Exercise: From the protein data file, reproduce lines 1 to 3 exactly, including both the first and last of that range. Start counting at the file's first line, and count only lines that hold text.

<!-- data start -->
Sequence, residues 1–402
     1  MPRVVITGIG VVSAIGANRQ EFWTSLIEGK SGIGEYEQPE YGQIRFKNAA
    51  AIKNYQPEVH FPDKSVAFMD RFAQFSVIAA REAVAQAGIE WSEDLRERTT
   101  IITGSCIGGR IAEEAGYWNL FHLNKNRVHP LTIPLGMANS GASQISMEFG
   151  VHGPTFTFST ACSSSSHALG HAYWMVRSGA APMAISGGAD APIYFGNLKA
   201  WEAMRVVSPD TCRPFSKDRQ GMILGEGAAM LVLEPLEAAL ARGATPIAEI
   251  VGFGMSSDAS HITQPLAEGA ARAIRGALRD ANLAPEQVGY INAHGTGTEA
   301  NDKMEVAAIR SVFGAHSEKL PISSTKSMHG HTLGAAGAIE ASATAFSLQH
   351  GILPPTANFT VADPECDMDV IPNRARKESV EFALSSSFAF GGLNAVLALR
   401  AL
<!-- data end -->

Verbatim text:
Sequence, residues 1–402
     1  MPRVVITGIG VVSAIGANRQ EFWTSLIEGK SGIGEYEQPE YGQIRFKNAA
    51  AIKNYQPEVH FPDKSVAFMD RFAQFSVIAA REAVAQAGIE WSEDLRERTT